(John Kemp is a Reuters market analyst. The views expressed are his own)
LONDON, Feb 9 (Reuters) - "The GCC governments and peoples should realise that the boom period is over. We must all get used to a certain type of lifestyle that does not rely entirely on the state," Saudi Arabia's ruler warned.
"The upcoming period needs the private sector to assume part of the responsibility which has up until now been carried by the state," he told his fellow leaders from the six Gulf Cooperation Council countries.
The words could have come from Deputy Crown Prince Mohammed bin Salman, who spoke about the need for economic reform in a lengthy interview with the Economist newspaper on Jan. 4, 2016.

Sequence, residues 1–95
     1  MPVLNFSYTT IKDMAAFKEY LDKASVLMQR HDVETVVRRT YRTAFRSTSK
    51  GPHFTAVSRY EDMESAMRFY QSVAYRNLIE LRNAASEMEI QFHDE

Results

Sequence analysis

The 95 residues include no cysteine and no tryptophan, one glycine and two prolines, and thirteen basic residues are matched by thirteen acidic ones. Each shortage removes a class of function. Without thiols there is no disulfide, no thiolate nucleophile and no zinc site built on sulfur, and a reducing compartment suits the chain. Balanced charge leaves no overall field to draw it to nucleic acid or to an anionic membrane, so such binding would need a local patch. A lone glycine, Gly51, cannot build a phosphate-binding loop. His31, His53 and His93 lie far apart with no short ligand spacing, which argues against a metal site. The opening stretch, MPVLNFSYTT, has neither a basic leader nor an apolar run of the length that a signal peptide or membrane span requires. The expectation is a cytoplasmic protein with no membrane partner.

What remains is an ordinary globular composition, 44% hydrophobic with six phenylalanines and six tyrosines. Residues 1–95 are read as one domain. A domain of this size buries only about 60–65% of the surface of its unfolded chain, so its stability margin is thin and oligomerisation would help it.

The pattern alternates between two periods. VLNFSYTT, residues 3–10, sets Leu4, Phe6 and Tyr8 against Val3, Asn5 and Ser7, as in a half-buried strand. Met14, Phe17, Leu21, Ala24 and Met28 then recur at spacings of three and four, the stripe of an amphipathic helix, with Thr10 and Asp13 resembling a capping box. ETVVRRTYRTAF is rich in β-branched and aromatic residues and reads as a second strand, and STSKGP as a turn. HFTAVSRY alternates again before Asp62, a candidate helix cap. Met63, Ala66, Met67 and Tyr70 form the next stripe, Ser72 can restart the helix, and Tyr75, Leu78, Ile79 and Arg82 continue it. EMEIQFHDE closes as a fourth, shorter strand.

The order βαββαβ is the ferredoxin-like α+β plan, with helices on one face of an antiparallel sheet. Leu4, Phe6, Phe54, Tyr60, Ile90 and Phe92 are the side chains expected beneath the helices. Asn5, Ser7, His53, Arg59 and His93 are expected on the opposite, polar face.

In fact they were spoken almost two decades earlier by Crown Prince Abdullah, the kingdom's de facto regent, at the Gulf Cooperation Council summit held in Abu Dhabi on Dec. 8, 1998.
The 19th GCC summit took place amid the last great slump in oil prices, when crude had fallen to just $10 per barrel, worth around $14 today after adjusting for inflation.
Oil prices, never very high in the 1990s, had almost halved over the previous 12 months after OPEC miscalculated demand for its oil and raised production despite the Asian financial crisis.
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